SALT LAKE CITY — Senate leaders readied legislation to restore the full state sales tax on food after the House's efforts on tax reform faltered last week, but now want to see the issue taken up by a new legislative task force.
"It was too late," Senate Majority Whip Dan Hemmert, R-Orem, said Wednesday of the bill he was having drafted to boost sales tax revenues while dropping income tax collections, in part through a food tax credit for some Utahns.
"I liked this because it was simple. People could understand it. It could get close to the same outcome," Hemmert said. "The con was we had four days left. … So it was just too little, too late."
The 45-day legislative session ends at midnight Thursday. The decision to give up on the House tax reform bill, HB441, resulted in an impasse over completing the $19 billion budget that wasn't resolved until Wednesday.
Part of the deal made by Republican House and Senate leaders calls for the formation of a tax reform task force charged with making recommendations for a possible special legislative session this summer.
There's already been talk of going beyond extending sales taxes to a wide variety of services while lowering the state sales and income tax rates, as HB441 would have done, to offset lagging growth in sales tax revenues.
Among the options that have come up is imposing a statewide property tax, seen as an even tougher sell than expanding the shrinking sales tax base as consumer spending shifts from goods to services.
Raising the 1.75 percent sales tax on food to the full 4.7 percent state rate could be difficult, too. The reduction was made during former Gov. Jon Huntsman Jr.'s administration at the same time there was a major income tax cut.
Gov. Gary Herbert told the Deseret News Wednesday that "nothing should be taboo" when it comes to tax reform, including restoring the sales tax on food. "Whether that's going to fly or not remains to be seen."
Herbert, who served as Huntsman's lieutenant governor, said the House "seems to be very opposed to it." The governor said he prefers "a more targeted approach," such as food stamps and other assistance programs.
The Senate has long supported treating food the same as other goods to stabilize the sales tax base, while the House passed a bill removing the sales tax on food entirely as recently as last year. That bill failed in a Senate committee.
Hemmert said he "got really excited" about taking the issue on again once he realized it would add just about the same amount, $240 million, to the state's general fund that's made up largely of sales taxes, as HB441.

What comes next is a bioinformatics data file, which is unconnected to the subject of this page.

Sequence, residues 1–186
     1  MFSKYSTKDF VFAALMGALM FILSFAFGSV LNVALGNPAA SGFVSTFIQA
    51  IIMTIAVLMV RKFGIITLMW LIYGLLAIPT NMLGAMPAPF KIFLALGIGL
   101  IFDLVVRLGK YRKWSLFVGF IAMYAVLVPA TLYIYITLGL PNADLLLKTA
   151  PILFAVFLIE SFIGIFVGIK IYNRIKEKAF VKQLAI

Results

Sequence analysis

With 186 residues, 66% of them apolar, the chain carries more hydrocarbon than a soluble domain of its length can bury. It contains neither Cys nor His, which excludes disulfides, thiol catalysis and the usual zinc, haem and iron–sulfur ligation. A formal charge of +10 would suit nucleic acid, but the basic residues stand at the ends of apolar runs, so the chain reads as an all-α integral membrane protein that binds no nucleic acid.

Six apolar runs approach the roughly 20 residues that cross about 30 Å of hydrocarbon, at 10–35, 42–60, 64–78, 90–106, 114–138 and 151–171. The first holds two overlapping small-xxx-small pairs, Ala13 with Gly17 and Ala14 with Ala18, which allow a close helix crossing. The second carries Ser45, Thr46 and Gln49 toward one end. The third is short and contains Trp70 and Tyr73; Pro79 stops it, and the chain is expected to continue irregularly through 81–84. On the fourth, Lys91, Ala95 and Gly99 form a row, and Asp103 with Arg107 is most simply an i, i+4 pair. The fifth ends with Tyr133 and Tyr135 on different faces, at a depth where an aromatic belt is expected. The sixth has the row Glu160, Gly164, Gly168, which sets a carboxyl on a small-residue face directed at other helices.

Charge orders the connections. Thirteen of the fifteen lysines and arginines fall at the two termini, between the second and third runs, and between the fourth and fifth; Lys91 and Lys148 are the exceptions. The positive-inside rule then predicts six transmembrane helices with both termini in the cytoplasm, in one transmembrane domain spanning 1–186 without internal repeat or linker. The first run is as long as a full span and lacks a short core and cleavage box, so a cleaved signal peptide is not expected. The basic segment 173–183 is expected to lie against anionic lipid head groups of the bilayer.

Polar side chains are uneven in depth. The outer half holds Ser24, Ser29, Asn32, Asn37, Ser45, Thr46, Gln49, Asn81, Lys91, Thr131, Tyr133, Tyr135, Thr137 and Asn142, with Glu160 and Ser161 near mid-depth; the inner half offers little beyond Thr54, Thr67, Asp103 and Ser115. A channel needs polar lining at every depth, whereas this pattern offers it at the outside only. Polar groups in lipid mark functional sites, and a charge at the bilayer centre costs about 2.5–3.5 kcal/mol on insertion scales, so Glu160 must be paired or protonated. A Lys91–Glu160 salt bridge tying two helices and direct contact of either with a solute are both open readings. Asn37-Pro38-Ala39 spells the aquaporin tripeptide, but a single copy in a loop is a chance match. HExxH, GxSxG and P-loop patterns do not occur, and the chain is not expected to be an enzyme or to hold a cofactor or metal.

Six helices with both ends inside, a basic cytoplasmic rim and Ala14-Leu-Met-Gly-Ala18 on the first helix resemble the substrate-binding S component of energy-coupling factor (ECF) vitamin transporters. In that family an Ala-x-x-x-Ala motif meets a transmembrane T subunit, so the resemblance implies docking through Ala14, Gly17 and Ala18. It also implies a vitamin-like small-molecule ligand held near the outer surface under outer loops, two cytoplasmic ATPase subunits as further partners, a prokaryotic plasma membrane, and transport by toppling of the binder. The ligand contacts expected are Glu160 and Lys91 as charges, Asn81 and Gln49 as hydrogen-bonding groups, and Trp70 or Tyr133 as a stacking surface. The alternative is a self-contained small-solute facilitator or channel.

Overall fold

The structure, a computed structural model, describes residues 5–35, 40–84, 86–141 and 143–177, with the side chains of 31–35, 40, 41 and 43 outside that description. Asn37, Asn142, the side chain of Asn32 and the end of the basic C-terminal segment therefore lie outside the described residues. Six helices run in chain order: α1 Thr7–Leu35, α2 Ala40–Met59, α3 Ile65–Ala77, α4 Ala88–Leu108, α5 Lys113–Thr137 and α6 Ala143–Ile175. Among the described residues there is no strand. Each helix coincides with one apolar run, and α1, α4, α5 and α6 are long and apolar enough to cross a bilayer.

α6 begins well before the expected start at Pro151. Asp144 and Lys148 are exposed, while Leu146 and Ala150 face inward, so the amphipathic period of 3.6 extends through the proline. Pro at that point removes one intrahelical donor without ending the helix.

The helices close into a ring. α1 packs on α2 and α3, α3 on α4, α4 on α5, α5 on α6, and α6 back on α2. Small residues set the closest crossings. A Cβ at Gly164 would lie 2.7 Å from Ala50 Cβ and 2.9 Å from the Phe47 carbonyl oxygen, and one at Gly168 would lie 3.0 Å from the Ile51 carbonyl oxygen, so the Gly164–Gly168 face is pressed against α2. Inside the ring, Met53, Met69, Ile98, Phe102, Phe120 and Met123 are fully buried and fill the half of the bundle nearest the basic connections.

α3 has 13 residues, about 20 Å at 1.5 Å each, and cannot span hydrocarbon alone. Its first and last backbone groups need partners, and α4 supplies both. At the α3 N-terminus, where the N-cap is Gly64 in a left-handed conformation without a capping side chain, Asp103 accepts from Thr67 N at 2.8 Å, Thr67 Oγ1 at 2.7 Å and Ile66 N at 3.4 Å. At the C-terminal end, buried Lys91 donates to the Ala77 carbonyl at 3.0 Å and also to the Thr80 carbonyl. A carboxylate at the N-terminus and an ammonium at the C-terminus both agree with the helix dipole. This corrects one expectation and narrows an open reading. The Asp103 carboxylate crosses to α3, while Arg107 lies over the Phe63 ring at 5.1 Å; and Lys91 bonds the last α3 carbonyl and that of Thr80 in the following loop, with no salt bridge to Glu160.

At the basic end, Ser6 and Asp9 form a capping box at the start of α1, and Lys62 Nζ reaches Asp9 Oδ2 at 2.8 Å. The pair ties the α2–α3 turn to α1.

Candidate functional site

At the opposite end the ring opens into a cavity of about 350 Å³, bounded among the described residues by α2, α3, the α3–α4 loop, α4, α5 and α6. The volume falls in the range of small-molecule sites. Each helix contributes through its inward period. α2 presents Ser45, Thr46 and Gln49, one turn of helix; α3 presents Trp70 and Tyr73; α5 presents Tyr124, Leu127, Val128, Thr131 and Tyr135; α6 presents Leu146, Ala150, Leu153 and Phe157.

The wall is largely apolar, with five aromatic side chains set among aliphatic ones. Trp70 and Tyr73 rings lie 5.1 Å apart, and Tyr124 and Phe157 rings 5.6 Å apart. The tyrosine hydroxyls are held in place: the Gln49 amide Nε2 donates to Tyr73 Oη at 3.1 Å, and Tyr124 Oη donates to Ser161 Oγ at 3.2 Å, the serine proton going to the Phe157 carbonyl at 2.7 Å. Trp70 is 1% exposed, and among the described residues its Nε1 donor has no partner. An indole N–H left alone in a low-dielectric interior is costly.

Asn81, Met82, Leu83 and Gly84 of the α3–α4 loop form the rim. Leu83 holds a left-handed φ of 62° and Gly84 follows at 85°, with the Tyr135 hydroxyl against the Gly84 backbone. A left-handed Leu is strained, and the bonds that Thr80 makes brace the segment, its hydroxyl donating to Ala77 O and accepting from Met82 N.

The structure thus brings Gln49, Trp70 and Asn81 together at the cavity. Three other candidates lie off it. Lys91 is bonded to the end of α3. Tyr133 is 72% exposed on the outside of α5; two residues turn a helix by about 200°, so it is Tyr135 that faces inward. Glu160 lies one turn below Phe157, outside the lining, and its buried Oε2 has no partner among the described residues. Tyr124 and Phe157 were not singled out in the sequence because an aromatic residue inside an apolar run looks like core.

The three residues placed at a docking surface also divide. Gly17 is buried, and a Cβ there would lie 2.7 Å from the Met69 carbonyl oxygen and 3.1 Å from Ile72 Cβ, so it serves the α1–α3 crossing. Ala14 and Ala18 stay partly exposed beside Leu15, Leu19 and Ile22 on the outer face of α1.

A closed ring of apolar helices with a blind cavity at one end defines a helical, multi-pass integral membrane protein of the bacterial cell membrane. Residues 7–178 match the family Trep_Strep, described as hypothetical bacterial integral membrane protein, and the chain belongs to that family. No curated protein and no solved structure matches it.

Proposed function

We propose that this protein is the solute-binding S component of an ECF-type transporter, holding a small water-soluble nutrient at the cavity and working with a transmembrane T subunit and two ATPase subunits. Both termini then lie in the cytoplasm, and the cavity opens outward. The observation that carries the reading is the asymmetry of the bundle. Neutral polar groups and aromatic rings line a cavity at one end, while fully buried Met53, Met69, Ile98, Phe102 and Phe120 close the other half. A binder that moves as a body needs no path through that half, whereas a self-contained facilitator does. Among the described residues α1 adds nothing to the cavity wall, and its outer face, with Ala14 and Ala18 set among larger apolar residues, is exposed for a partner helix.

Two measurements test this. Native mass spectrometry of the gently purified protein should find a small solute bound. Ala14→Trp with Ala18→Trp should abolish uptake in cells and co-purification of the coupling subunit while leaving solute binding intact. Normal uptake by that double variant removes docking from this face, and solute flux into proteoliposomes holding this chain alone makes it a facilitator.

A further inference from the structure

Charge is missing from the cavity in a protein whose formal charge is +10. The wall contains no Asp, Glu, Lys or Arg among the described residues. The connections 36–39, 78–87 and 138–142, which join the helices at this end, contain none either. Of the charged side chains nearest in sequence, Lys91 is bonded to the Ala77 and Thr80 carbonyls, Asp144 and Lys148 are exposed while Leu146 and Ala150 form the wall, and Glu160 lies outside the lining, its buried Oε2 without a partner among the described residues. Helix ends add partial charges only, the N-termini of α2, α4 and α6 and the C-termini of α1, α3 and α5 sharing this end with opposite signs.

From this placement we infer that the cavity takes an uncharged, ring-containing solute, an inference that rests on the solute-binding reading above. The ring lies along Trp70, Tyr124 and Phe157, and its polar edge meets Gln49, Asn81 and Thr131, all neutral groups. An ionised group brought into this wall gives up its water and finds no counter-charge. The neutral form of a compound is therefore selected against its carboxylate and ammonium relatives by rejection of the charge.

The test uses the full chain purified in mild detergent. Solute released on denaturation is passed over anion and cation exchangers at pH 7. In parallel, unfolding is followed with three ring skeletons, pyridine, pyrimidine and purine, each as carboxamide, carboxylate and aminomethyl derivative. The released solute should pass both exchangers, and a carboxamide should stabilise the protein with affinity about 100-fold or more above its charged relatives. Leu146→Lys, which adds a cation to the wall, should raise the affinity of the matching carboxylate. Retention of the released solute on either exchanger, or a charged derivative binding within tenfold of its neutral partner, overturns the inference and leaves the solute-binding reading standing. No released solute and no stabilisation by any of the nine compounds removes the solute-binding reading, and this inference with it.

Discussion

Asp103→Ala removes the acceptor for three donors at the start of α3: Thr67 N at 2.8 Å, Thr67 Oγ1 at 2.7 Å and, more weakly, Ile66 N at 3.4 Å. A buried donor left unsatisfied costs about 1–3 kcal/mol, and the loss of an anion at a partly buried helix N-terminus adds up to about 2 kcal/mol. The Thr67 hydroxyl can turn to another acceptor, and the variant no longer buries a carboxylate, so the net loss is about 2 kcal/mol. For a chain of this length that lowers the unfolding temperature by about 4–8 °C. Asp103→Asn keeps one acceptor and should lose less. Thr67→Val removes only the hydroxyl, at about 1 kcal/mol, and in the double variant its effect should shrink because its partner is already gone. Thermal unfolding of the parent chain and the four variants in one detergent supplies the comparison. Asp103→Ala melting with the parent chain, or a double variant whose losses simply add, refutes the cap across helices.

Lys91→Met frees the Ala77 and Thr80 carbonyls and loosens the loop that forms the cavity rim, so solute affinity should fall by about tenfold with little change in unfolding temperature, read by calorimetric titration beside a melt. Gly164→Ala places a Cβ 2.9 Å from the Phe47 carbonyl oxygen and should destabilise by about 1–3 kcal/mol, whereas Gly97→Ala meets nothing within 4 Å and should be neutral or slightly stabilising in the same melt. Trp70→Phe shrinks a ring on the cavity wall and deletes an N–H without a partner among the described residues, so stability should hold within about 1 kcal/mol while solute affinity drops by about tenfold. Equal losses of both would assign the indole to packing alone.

The legislation he had prepared but never introduced would have included a $75 per-person income tax credit to offset taxes paid on grocery store purchases. The $60 million credit is aimed at families earning up to $65,000.
"They will actually be money ahead," he said. "You can give them more money than that tax differential will cost them through a targeted tax credit. They would have to file a tax return."
Utahns who don't file a tax return likely already have a low-enough income to qualify for food stamps so their grocery store purchases are already exempt from sales taxes, Hemmert said.
His bill would also have reduced the 4.95 percent state income tax rate to 4.79 percent, including the $75 million tax cut proposed for HB441, and a $55 million child tax credit to help families impacted by federal income tax changes.
Hemmert said he'd like to see the bill used to help "jump-start" discussions about tax reform in the new Tax Restructuring and Equalization Task Force created as part of the budget deal worked out between House and Senate Republican leadership.
The legislative task force is expected to make an initial report in June and final recommendations in early August after hearing from the public. One of the knocks against HB441 is that it didn't surface until late in the session.
Those opposed to restoring the food tax will have the chance to be heard, Hemmert said. "That’s the whole point of this. One of the reasons we’re doing this is so many people said, ‘You surprised us.’"
The governor said he hopes everyday Utahns will "help us find the solution" to rebalancing state revenues.
"It's not over. We're kind of going into extra innings," Herbert said. "I think there will be a significant outreach to the public across the state to give them an opportunity to look at what the situation is (and) understand the problem."
In his $19 billion budget released last December, the governor recommended what he called tax modernization, broadening the sales tax base to include a wide range of services while lowering the rate and giving Utahns a $200 million tax cut.9 comments on this story
Last week, the governor, along with House Speaker Brad Wilson, R-Kaysville, and Senate President Stuart Adams, R-Layton, announced work on tax reform would wait until after this session.
Asked about the deal reached by Wilson and Adams to use $320 million in one-time money to fund ongoing programs to pressure work on tax reform, Herbert said that wasn't the only option, but it "did get the budget done" before the session ends.
"I think we have to do tax reform," the governor said. "This keeps everybody focused."